I'm remembering the Yamaha DX7 keyboard that had these great spacious stereo sounds. When folded to mono, the sounds collapsed and all but disappeared because they were created by polarity flipping one channel and messing with it a little.

Nice conversation.

Regards,

Ty Ford
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  #78  
Old 05-10-2014, 09:35 AM
Anderton Anderton is offline
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Originally Posted by Ty Ford View Post

I'm curious as to how the double EQ approach sounds when the resulting stereo mix is folded down to mono.

Regards,

Ty Ford
If you get the "combination lock" for the filters right as alluded to above, the collapse to mono simply sounds like a mono version of the stereo. However, I've done this only with digital EQ, which I presume helps with the predictability.

As to comb filtering, whenever we hear anything in a room there's comb filtering - it's unavoidable. It would be interesting to find out if a little comb filtering could actually be an aural cue for "realness" if the second audio signal is lower in volume and delayed somewhat, as opposed to two mics close together where you can actually hear some notes get weaker.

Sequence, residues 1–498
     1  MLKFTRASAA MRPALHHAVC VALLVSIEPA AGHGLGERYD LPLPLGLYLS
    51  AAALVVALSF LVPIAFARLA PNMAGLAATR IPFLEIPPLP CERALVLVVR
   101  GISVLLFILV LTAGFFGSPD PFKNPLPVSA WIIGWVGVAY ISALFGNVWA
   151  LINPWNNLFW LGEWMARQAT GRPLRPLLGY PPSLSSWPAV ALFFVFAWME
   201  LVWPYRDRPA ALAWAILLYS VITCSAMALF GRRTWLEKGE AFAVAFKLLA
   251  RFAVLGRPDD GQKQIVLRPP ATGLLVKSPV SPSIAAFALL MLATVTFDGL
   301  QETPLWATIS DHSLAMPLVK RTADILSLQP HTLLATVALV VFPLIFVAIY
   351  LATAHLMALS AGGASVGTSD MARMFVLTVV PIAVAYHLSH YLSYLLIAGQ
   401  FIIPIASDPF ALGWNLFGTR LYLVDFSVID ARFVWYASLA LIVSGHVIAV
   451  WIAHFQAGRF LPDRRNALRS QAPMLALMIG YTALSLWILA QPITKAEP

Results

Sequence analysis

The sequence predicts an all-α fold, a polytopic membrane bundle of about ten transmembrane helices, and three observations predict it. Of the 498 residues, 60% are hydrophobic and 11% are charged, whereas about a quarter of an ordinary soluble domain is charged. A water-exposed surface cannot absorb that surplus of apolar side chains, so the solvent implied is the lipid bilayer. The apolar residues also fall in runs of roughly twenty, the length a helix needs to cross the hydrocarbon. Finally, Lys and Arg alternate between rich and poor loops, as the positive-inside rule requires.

I'm still waiting for a way to make a recording sound like someone is playing in a room with you. I suspect I'll have a long wait
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  #79  
Old 05-10-2014, 12:35 PM
Fran Guidry Fran Guidry is offline
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...

I'm still waiting for a way to make a recording sound like someone is playing in a room with you. I suspect I'll have a long wait
You might consider the possibility that you already have such recordings - but lack playback equipment capable of delivering the result successfully.

Fran
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Old 05-10-2014, 02:46 PM
Ty Ford Ty Ford is offline